Please discuss a current/recent specific deal/case, outlining your role in the matter
I recently worked closely with our capital markets team on a proposed initial public offering of shares in a portfolio company of one of our biggest clients. Although the transaction never actually completed, it gave me great insight into what it takes to get a company ‘IPO-ready’. It’s not something that usually comes across the desk of a corporate lawyer so I’m grateful for the experience!
What do you most enjoy about your career and why?
The best part of being a lawyer at Ropes & Gray is working with some of the most intelligent and accomplished lawyers in the City. Juniors here are lucky to have a range of diverse role models – we are particularly proud of how well women are represented in our leadership (five out of nine PE partners in London are women and our global co-chair is also a woman!). Mentorship is a big part of our culture, and as I progress in the firm, I really enjoy taking time to teach and guide trainees and NQs, just as others did for me.
Could you tell us a bit about your recent experience going on secondment – how did you find it and where did you go?
I’ve just returned from a six-month client secondment at GHO Capital Partners, a European healthcare fund. GHO is young but very active, and an important client of the firm. I was brought in to support the in-house legal function with transaction workstreams and also to help manage their compliance and regulatory responsibilities.
It was a fantastic experience – I now understand how PE funds operate in a way I never would’ve otherwise, and more clearly understand how best to add value as external counsel. I also gained a wonderful network of friends and contacts which I’m grateful for.
What skills/strengths do you need to be a successful solicitor?
An important skill for future lawyers is tenacity. It’s tiring to go through the application process for law firms and it can play on your self-esteem. What law students need to know is that there’s a firm out there for everyone.
You need also to be interested in the practice area you work in (or want to work in), otherwise it’s going to be a tough job as you’ll spend hours doing it. You also need to be communicative, willing to learn and a team player. A team is only as strong as its weakest link!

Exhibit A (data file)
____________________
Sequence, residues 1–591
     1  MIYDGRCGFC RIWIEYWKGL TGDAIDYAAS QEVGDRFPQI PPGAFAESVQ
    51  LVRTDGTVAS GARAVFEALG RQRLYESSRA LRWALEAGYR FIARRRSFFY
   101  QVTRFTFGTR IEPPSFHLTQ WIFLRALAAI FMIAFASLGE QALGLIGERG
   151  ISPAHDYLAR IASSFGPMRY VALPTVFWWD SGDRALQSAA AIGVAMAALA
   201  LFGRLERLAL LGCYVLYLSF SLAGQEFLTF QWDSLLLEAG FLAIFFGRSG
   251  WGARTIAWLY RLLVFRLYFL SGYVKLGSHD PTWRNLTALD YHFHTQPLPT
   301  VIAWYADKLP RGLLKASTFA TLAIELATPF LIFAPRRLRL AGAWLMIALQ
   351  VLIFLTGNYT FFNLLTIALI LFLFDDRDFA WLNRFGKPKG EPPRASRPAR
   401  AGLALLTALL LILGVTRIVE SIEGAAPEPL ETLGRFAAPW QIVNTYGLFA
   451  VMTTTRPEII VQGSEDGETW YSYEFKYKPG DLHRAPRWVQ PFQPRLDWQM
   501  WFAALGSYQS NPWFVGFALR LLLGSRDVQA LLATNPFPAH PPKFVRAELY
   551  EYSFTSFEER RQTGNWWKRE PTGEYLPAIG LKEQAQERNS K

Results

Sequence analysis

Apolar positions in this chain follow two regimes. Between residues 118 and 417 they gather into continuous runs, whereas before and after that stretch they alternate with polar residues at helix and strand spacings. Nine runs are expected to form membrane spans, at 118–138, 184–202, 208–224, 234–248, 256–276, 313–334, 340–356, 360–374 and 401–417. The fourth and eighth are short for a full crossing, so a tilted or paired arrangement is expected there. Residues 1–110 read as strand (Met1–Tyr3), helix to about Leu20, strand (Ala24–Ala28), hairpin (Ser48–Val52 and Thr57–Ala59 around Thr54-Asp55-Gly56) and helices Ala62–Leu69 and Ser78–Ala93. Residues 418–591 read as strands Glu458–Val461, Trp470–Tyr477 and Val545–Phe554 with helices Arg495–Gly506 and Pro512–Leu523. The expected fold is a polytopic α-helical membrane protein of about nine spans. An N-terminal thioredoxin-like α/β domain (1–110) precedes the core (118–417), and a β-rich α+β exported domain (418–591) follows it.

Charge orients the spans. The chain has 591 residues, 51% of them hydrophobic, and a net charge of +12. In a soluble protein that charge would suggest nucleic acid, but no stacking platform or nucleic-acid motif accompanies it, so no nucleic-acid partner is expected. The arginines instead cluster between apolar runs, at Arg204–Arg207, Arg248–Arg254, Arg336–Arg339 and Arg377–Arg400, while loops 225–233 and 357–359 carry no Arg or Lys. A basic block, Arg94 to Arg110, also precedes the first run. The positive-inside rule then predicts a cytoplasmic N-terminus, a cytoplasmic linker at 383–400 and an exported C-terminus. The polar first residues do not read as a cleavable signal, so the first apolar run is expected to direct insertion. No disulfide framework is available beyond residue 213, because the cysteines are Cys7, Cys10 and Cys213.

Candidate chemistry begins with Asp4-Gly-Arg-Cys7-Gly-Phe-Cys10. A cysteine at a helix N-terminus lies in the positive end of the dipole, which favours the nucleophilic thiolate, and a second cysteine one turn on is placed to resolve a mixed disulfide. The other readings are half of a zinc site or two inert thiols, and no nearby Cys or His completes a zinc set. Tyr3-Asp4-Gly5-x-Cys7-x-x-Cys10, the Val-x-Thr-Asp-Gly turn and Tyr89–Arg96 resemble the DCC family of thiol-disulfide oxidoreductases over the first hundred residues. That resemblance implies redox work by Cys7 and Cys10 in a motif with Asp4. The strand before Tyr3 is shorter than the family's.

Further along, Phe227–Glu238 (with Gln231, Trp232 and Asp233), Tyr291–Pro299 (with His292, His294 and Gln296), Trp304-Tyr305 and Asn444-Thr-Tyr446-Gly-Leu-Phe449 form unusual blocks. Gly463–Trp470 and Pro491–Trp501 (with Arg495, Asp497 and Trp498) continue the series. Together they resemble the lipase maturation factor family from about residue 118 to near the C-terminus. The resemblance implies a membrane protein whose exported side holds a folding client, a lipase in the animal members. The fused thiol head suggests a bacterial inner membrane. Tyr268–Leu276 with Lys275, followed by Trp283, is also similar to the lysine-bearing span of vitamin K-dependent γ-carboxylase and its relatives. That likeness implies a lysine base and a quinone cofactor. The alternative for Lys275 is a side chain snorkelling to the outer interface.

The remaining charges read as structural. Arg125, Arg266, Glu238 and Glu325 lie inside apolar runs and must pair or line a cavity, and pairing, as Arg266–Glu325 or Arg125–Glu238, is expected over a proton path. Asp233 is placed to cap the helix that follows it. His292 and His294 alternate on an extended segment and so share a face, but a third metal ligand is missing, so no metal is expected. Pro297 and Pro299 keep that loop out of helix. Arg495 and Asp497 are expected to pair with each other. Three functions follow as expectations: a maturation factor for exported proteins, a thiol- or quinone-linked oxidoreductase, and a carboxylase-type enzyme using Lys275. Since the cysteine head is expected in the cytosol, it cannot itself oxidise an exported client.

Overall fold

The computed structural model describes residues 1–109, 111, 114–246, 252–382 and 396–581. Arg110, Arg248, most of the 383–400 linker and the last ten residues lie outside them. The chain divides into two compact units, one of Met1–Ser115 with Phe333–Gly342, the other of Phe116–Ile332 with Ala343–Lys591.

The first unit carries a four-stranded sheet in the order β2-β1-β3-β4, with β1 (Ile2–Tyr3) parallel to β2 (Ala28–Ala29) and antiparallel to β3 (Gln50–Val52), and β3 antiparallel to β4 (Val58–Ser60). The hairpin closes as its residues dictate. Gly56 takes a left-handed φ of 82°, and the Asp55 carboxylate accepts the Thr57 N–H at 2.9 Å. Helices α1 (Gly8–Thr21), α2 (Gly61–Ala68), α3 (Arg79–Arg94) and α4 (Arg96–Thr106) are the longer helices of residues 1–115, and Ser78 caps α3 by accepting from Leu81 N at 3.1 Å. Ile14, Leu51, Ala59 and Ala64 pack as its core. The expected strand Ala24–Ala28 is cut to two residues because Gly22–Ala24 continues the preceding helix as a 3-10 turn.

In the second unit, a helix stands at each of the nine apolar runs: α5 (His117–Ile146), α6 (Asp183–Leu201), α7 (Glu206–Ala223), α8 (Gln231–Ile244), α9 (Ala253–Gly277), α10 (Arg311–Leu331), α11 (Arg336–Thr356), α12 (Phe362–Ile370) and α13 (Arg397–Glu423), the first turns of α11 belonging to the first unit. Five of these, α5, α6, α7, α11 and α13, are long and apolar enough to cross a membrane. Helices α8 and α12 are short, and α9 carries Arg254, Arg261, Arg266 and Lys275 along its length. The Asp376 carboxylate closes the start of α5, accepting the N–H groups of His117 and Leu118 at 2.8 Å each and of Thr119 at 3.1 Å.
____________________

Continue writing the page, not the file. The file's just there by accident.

What advice do you have for budding solicitors who are contemplating a career in law?
Understandably, many law students are anxious about getting a training contract as soon as they can after university. My advice is to take your time with it. Your legal career will hopefully last many decades once you’ve started, so there’s no rush! Make sure you’ve considered and tried other things and are confident that this is the career for you. At Ropes & Gray, many of our trainees have had other jobs or spent more time in education before coming to us and we see the value in having those other perspectives.
What’s the wider culture like at Ropes & Gray?
Most City lawyers would probably describe their firms as being inclusive, non-hierarchical, global and differentiated – all that is true of Ropes & Gray too, but we’re uniquely entrepreneurial as well. Having been in London only a little over 10 years, we’ve had to graft (and are still grafting) to make our name in an increasingly competitive legal market. We involve lawyers at all levels (including trainees) in our business development efforts, and we look for people who are self-motivated, collaborative and creative to join us – not just the people with the highest exam scores.
What are you reading/listening to at the moment?
I find listening to podcasts fits into my routine, especially when I’m busy at work. At the moment, I’m listening to one called Reply All, hosted by Alex Goldman and Emmanuel Dzotsi. On its face, it’s a podcast about the internet – but it’s equally about human stories. It’s informative and very entertaining.